• Advance the time with the Page-Up key. Move time back with the Page-Down key.
  • If you want to know what direction you are looking in, press Down Arrow until the horizon appears. There are direction markers there.
  • If you cannot see the time, press Page-Up once and it will appear. Look at the top left of the screen (the time on the top right is Universal Time, the time in Greenwich).
  • Press Enter to turn on or off the constellation labels. Beginners should not do this because it is important to practise finding the stars using the star wheel. It may be better if you do not tell your students how to turn on the labels.

Follow up and Extension

  • Issue certificates for successful completion of the Computer Star Chase.
  • A planetarium or star-lab visit is an excellent follow-up. Arrange with the presenter to give your students practise finding stars using their star wheels. If possible, it is good to give students red-torches to use in the planetarium. (Red torches will let them see their star wheels while not interfering with the view of the stars. Tape a piece of red paper over the end of an ordinary torch.)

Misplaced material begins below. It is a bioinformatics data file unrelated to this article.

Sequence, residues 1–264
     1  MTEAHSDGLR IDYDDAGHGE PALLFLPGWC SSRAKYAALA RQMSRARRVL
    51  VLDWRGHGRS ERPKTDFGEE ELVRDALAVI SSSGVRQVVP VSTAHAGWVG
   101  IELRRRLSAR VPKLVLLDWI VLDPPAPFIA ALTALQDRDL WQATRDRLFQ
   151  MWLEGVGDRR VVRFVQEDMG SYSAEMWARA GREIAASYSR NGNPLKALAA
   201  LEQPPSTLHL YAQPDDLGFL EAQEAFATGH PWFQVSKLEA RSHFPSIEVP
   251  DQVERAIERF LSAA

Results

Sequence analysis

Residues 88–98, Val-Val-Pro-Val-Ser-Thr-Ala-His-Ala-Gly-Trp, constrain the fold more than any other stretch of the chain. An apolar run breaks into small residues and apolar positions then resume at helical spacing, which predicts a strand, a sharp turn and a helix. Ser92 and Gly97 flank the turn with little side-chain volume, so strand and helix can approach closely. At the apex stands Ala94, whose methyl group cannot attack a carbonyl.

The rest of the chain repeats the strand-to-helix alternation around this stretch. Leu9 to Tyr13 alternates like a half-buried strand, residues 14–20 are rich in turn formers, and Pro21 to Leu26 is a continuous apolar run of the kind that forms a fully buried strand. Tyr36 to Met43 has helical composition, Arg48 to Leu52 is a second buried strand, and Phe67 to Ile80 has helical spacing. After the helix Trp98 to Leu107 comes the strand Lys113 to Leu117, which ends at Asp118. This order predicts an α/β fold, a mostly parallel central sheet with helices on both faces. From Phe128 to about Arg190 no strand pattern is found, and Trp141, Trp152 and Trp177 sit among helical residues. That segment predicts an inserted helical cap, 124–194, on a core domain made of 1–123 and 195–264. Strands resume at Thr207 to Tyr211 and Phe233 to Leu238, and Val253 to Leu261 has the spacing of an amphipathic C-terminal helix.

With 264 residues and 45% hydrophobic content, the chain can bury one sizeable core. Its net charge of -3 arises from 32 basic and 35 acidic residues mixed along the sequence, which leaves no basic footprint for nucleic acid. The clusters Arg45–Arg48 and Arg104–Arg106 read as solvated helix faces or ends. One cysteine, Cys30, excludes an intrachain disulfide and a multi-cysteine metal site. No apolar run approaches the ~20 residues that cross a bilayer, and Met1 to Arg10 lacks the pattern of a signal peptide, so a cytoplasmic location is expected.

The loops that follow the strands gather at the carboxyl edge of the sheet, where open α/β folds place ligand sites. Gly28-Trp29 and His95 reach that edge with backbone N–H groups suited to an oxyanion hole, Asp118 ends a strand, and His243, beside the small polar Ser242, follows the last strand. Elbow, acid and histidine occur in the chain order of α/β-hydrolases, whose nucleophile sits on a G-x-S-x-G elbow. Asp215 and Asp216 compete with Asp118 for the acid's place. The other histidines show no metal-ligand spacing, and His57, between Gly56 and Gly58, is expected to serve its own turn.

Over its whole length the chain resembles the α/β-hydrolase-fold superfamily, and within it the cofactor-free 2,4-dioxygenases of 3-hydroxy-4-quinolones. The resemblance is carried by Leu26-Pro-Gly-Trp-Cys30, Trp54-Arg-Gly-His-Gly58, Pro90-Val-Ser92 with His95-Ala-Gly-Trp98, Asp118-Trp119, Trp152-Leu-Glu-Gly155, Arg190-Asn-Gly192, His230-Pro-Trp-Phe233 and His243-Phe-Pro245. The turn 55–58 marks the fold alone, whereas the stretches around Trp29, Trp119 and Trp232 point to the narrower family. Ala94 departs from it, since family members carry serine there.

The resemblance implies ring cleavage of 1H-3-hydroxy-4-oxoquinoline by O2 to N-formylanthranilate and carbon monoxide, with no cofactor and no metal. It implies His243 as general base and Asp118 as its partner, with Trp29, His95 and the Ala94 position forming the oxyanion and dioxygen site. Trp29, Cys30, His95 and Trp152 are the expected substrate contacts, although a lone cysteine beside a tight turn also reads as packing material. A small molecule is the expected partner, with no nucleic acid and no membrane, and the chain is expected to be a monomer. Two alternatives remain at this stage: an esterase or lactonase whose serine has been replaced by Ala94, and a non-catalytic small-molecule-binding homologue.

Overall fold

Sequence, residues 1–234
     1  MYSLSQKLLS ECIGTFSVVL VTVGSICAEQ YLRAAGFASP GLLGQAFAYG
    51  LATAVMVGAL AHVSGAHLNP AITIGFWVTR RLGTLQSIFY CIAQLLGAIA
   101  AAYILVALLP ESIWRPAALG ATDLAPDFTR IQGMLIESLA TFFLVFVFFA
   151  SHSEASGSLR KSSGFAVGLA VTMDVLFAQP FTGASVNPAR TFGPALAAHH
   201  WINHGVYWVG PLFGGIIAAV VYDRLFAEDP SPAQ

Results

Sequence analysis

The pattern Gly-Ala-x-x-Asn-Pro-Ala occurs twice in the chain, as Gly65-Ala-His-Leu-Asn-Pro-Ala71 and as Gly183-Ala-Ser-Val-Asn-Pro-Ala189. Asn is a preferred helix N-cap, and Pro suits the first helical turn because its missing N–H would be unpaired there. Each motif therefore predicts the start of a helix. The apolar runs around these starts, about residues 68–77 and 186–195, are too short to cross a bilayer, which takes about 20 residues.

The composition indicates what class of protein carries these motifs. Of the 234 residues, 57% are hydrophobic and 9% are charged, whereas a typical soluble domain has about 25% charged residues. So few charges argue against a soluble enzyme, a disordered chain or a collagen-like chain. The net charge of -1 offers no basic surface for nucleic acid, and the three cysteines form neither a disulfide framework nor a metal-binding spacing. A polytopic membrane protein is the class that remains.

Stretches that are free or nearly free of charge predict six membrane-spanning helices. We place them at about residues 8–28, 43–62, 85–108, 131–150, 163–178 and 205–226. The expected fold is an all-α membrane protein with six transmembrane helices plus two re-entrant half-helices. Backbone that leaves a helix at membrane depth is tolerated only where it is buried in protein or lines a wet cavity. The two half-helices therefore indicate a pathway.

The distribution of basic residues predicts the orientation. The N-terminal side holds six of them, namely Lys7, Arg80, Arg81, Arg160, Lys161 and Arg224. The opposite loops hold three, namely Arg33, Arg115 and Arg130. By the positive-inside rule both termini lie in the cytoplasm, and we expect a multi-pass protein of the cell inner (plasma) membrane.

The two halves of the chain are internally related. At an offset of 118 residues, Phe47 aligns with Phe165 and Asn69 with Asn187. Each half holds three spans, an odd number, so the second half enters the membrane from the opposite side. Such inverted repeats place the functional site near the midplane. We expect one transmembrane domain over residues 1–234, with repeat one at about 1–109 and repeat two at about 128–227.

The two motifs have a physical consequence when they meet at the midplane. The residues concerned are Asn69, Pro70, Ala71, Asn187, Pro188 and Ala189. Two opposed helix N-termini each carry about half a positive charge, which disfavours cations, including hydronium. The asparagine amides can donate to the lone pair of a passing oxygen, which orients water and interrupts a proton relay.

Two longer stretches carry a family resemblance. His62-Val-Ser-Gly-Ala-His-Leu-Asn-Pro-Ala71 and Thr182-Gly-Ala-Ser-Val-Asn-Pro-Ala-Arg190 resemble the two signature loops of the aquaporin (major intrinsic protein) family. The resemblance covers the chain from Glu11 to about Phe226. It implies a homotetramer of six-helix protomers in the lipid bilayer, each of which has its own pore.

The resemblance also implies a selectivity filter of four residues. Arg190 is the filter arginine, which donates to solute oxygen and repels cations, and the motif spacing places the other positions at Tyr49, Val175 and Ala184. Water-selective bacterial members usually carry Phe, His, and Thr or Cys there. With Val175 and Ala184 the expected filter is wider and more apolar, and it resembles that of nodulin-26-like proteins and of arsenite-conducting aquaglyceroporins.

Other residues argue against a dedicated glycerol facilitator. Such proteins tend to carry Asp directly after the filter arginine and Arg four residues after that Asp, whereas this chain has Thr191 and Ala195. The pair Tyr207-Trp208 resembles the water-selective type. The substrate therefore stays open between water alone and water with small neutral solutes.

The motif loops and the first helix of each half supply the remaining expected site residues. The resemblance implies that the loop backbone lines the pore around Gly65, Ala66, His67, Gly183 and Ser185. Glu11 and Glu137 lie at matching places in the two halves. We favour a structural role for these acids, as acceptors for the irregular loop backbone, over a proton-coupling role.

• A star-gazing party is an excellent follow-up – see Activity 5 – Under the Milky Way.

Downloadable Resources

Doing the Star Wheel Twist - worksheet

Computer Star Chase - worksheet

The 24-hour Clock - poster


Mirapla Sky for Windows

Help with printing and downloading

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URL http://www.AstronomyInYourHands.com/activities/chasingstars.html   Publication date 6 Nov 2002
Copyright © C J Hilder, 2002. All rights reserved.